If such a cooperative relationship could be put in place, then the short term problems would not be that serious. But straightforward discussions are not likely.

German and Japanese stimulation to purchase more American goods would help bring the US imbalance back into equilibrium. However, neither country has employed demand stimulation policies during the postwar period. They've always relied on the US to be the locomotive of the world economy.

The Germans are reluctant because they deeply fear the kind of inter-war inflation that fanned fascism. The Japanese simply aren't willing to turn their export-led economy into a domestic-led economy. Therefore, in a continuing environment of world economic stagnation, the only cure for the US balance of payments is the falling dollar. And the only cure for the mounting debt is inflation.

Inflation & Recession
In the absence of cooperation, it is very likely we will end up with simultaneous inflation and recession. Even with Reagan's huge Keynesian deficit aided by falling oil prices, there has been paltry 2-3% per year growth in the world. That kind of growth so constrains demand for our exports, the only way we can cure the American balance of payments problem is to make imports so expensive with inflation that Americans can't afford them. A Toyota has to be priced like a Mercedes and a Mercedes has to be priced like an MX missile.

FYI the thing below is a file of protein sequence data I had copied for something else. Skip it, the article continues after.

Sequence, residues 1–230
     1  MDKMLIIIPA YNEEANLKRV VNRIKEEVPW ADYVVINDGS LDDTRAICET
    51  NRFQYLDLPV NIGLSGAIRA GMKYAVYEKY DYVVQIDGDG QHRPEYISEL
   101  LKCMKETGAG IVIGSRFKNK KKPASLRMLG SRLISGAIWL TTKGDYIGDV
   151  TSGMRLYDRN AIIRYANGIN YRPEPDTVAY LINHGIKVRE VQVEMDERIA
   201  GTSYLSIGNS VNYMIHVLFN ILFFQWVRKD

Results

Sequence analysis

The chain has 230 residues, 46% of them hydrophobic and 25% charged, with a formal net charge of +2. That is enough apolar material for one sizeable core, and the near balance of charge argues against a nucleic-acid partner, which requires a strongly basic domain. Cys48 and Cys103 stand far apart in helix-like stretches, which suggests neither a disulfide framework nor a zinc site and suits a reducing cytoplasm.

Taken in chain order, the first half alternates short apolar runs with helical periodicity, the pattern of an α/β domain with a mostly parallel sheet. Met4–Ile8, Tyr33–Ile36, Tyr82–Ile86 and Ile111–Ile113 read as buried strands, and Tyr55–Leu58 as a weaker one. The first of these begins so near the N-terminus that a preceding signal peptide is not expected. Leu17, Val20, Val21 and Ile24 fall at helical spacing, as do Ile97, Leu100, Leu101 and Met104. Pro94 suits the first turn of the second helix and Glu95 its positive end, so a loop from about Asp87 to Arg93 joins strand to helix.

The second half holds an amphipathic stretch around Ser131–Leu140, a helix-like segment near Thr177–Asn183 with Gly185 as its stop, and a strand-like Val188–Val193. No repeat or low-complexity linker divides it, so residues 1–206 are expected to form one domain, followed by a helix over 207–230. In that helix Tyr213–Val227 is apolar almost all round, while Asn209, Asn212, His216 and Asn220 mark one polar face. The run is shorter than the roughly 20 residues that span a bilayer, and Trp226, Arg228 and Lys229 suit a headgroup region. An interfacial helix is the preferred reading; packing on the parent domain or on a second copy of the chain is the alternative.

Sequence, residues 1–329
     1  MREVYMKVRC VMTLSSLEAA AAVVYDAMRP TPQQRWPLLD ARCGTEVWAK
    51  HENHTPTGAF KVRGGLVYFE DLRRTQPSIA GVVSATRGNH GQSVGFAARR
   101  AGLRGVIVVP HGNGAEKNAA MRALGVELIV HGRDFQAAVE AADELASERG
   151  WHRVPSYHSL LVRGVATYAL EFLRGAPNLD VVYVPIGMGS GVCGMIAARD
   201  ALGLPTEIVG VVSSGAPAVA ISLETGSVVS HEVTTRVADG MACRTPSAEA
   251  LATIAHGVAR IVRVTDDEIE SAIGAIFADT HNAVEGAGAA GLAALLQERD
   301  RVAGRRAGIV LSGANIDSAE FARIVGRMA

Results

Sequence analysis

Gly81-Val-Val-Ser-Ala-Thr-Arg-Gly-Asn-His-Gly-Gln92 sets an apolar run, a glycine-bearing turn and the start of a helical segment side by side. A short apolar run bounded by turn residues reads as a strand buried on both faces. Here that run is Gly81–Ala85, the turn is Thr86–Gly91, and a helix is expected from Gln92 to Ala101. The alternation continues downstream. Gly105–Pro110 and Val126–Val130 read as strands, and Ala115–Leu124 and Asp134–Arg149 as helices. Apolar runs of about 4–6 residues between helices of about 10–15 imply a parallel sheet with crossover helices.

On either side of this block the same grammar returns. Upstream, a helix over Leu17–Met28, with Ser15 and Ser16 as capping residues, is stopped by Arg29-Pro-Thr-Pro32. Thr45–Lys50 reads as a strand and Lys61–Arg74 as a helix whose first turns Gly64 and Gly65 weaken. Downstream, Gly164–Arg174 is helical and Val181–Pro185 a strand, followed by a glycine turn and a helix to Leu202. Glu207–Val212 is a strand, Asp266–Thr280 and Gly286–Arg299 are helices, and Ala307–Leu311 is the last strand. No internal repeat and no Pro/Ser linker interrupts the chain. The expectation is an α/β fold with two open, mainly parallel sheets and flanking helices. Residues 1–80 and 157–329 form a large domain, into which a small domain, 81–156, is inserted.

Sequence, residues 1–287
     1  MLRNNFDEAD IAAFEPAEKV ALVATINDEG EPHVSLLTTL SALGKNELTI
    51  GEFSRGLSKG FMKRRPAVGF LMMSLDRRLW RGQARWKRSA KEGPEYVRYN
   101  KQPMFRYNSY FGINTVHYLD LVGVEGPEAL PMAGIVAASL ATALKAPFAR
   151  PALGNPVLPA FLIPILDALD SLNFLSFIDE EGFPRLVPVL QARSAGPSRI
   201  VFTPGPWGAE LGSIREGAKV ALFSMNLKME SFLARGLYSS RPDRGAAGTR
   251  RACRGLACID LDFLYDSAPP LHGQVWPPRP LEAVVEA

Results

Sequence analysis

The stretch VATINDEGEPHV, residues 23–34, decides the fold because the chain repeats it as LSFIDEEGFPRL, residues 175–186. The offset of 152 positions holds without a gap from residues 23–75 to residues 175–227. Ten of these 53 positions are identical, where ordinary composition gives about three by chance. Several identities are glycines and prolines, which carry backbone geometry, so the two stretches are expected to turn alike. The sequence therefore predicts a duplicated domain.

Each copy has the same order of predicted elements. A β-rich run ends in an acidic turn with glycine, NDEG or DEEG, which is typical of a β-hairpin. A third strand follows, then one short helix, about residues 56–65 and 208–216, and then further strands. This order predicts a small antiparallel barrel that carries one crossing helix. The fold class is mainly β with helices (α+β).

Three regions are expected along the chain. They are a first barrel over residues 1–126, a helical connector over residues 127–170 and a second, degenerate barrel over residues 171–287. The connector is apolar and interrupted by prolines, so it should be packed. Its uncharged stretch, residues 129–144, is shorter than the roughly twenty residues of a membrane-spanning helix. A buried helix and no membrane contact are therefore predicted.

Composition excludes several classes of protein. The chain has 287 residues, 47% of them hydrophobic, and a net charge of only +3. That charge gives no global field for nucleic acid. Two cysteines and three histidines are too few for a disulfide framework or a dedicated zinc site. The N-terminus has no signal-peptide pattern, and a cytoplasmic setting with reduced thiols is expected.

Inflation is also a path of least resistance because it would make the hundreds of billions we owe the rest of the world worthless. Additionally, it would reduce the debt burden of the Latin countries. For policymakers who realize that the debt will keep growing until we restore competitiveness to the US economy, inflation is a far more attractive option than facing a steep drop in the American standard of living.

Add to this the decision to cute our balance-of-payments problem by letting the value of the dollar fail. German and Japanese products will become too expensive and their exports will fall. If Germany and Japan don't rebuild their economies for domestic-led growth, they will slow dramatically because they can't rely on exports. If they fall into recession, then we are dragged along because there is no one to purchase our exports.